Henry Lionel Galway

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Sir Henry Lionel Galway (ca.1900)

Sir Henry Lionel Galway (born September 25, 1859 in Alverstoke , Southampton , England , † June 17, 1949 in London ; born Henry Lionel Gallwey ) was a British colonial administrator. He was governor of colonies in Nigeria , St. Helena , Gambia and the Australian state of South Australia .


Born in 1859 to an Army doctor, Galway trained at the Royal Military College Sandhurst . He then served in the 30th Regiment of Foot Infantry Regiment from 1878 and was promoted to captain in 1887 .

Galway joined the colonial service in 1882 as aide-de-camp and private secretary to the governor of Bermuda . In 1891 he became deputy administrator and vice-consul of a protectorate in the Niger Delta . He tried to deceive the King of Benin into signing a unilateral treaty that would have made Benin a de facto colony of Great Britain. A year later, this treaty formed the basis of a punitive expedition that ultimately led to the destruction of the Kingdom of Benin in 1897. During the campaign, English troops stole around 2,800 bronze and ivory statues, which later became the property of the British Museum in London. In 1897 Galway was promoted to major .

With the rank of lieutenant colonel , he resigned from the army in 1901 and was governor of St. Helena from 1902 to 1911 . He then took over the post of governor of Gambia (1911-1914).

On April 18, 1914, he was appointed Governor of South Australia. Shortly after the start of his term in office, he drew the resentment of large parts of the population. So he was in favor of the introduction of conscription and supported the controversial River Murray Waters Agreement . His liberal attitudes towards gambling and alcohol angered the strictly religious puritans . He criticized the egalitarian Australian society, women's suffrage and the education system. His plan to abolish the White Australia Policy in order to lure Asian workers to the Northern Territory forced Prime Minister Andrew Fisher to deny and apologize to the population .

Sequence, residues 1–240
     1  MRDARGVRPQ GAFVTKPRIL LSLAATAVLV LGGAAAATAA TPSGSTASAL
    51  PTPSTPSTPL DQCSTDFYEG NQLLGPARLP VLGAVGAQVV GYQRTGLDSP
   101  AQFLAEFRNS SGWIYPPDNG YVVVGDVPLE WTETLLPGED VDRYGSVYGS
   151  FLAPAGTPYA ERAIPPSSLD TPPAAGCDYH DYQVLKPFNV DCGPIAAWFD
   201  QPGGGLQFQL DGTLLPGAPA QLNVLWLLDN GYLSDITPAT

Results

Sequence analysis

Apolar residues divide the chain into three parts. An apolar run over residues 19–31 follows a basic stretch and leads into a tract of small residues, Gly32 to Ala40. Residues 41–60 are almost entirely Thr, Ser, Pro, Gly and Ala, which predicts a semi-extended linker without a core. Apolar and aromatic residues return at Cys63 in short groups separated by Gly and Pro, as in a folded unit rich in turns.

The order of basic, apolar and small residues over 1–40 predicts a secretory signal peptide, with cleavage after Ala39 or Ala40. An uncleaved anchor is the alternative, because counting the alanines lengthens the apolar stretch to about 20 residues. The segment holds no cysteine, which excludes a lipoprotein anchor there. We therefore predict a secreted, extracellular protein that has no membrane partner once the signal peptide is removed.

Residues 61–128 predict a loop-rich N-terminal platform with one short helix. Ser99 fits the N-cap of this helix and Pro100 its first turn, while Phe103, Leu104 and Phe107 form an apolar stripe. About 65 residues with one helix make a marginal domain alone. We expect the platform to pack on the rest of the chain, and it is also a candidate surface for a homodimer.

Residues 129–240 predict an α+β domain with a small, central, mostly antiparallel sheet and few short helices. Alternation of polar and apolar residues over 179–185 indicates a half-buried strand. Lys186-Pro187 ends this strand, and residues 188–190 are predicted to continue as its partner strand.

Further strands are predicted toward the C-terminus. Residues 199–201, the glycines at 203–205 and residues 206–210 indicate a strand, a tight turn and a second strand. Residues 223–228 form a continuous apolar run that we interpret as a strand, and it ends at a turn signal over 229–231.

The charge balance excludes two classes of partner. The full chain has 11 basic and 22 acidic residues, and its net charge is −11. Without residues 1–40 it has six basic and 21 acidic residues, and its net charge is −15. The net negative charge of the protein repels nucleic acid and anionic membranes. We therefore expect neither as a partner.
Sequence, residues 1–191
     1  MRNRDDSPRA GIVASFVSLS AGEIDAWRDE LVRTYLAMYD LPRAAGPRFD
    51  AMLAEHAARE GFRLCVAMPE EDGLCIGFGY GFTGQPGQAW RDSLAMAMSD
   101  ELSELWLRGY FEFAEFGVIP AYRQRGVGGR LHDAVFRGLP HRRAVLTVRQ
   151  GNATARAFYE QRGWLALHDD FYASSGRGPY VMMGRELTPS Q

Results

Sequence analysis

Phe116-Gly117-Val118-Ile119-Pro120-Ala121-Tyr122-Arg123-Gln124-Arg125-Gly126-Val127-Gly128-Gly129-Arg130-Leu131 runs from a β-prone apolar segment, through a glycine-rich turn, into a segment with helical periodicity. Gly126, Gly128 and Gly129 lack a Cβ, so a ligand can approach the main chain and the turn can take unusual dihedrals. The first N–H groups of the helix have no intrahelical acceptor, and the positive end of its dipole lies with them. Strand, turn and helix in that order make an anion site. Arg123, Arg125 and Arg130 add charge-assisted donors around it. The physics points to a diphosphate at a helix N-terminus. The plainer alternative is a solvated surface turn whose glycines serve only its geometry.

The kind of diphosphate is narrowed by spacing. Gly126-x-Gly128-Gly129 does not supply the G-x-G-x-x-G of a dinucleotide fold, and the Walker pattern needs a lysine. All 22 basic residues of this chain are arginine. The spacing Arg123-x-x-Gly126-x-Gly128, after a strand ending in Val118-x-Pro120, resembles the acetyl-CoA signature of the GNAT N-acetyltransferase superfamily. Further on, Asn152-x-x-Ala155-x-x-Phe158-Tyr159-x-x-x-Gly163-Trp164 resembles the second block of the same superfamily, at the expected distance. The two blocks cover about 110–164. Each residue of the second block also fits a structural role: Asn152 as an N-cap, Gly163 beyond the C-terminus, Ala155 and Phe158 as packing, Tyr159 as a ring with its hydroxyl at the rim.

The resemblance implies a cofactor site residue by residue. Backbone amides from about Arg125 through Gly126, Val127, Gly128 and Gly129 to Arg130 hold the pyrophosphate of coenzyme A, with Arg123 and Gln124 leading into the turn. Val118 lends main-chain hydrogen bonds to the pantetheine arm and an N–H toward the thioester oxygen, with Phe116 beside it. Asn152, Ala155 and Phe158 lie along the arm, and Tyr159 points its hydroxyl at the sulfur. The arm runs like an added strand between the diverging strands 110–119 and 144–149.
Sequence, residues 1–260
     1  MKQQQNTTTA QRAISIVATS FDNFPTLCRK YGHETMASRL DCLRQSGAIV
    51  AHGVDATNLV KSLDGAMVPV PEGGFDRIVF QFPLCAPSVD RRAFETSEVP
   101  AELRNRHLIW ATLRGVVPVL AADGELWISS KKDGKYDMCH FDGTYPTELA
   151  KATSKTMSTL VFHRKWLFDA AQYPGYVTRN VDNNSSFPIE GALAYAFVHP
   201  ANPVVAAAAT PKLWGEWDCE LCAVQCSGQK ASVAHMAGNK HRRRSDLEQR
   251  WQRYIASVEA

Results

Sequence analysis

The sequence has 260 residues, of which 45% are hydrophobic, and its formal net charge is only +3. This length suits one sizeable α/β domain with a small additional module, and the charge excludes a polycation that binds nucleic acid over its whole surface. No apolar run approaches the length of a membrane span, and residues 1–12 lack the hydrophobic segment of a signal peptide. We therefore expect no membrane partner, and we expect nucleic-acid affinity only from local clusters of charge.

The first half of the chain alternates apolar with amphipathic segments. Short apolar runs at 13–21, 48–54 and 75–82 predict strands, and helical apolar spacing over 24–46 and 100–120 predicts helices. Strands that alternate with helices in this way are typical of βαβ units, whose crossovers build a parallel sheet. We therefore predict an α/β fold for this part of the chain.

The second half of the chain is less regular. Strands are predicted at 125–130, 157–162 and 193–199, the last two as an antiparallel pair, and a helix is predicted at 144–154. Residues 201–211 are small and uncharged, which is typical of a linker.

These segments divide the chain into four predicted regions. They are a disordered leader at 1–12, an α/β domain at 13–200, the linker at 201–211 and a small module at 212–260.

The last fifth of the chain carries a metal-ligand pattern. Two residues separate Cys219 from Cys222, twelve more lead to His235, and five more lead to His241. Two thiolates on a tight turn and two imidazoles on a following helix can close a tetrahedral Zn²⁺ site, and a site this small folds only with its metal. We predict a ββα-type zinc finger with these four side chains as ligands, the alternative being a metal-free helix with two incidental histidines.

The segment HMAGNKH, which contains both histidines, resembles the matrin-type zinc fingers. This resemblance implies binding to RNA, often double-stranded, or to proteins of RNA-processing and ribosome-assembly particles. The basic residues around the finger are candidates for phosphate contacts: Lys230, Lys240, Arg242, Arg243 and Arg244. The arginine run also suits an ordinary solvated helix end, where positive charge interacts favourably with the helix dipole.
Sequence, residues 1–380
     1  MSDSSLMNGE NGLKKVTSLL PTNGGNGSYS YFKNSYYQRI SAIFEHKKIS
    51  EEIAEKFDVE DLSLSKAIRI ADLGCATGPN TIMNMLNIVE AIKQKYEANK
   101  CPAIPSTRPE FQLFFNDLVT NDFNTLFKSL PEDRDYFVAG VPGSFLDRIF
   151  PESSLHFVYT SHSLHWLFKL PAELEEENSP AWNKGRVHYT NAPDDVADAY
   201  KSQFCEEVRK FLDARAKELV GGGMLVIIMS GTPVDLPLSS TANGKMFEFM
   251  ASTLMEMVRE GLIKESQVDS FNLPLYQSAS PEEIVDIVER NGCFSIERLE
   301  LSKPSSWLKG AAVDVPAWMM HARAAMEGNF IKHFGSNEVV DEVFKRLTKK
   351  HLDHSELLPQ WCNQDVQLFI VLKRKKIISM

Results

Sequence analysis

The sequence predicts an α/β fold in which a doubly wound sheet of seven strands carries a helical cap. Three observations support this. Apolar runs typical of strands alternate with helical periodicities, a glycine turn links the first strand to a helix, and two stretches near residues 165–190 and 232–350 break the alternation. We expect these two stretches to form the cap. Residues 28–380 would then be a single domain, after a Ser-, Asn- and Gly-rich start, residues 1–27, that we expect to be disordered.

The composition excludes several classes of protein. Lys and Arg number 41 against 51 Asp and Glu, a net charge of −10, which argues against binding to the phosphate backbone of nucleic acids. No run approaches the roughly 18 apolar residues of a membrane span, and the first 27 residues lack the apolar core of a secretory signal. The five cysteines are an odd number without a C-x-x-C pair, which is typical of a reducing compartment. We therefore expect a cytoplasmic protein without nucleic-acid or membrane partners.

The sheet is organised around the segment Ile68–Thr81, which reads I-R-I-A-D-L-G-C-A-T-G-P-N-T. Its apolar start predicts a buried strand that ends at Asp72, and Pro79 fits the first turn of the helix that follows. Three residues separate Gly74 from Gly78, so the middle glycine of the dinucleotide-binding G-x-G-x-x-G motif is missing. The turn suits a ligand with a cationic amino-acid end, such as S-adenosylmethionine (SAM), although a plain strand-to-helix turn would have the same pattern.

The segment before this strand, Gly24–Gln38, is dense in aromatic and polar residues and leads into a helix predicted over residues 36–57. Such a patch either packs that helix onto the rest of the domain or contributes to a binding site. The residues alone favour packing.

The Colonial Office was also dissatisfied with its work. He refused to send copies of his correspondence and documents to the Governor General of Australia . However, he had success in recruiting volunteer recruits during the First World War , so he stayed in office. In 1917 a referendum was held on the introduction of general conscription, which was ultimately rejected. Galway commented on this by saying that it must be a “joyful day” for Germany, for which he was heavily criticized in the newspapers and triggered a motion in parliament to abolish the governorship. However, this was ultimately not crowned with success.

After the end of his term of office in 1920 he was not given a new office and returned to the United Kingdom. Galway, who changed his last name from Gallwey to Galway in 1911, died in London on June 17, 1949.



predecessor Office successor
Sir George Chardin Denton Governor of Gambia
Edward John Cameron